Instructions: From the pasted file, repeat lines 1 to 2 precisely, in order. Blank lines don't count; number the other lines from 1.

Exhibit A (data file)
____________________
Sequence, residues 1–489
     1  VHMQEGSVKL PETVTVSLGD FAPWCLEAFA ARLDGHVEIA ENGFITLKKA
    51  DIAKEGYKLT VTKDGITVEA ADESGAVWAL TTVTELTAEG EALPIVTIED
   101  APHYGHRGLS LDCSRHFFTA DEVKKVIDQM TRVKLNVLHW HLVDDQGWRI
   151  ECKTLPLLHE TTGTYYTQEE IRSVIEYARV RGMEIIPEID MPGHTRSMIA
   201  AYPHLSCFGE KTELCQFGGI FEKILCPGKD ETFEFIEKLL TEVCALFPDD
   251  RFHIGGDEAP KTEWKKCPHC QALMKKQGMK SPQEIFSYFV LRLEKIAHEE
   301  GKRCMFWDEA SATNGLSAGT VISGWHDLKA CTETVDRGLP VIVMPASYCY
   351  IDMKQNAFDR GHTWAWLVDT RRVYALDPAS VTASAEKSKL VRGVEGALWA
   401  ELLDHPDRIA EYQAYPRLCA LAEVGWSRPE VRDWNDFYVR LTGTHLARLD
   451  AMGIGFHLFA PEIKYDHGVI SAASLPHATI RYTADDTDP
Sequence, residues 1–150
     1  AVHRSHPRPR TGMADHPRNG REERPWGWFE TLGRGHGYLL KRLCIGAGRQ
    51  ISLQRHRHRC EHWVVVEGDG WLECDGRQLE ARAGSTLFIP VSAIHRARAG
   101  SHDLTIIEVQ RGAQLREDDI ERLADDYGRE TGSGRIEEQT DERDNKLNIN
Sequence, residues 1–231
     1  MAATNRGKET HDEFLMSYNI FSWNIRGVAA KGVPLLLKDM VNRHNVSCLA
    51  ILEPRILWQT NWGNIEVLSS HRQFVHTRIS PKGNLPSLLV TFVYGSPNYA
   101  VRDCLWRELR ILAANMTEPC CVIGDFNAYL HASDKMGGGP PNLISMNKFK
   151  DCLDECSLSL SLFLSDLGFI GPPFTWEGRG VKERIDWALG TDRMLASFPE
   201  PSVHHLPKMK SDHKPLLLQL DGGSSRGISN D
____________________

Sequence, residues 1–489
     1  VHMQEGSVKL PETVTVSLGD FAPWCLEAFA ARLDGHVEIA ENGFITLKKA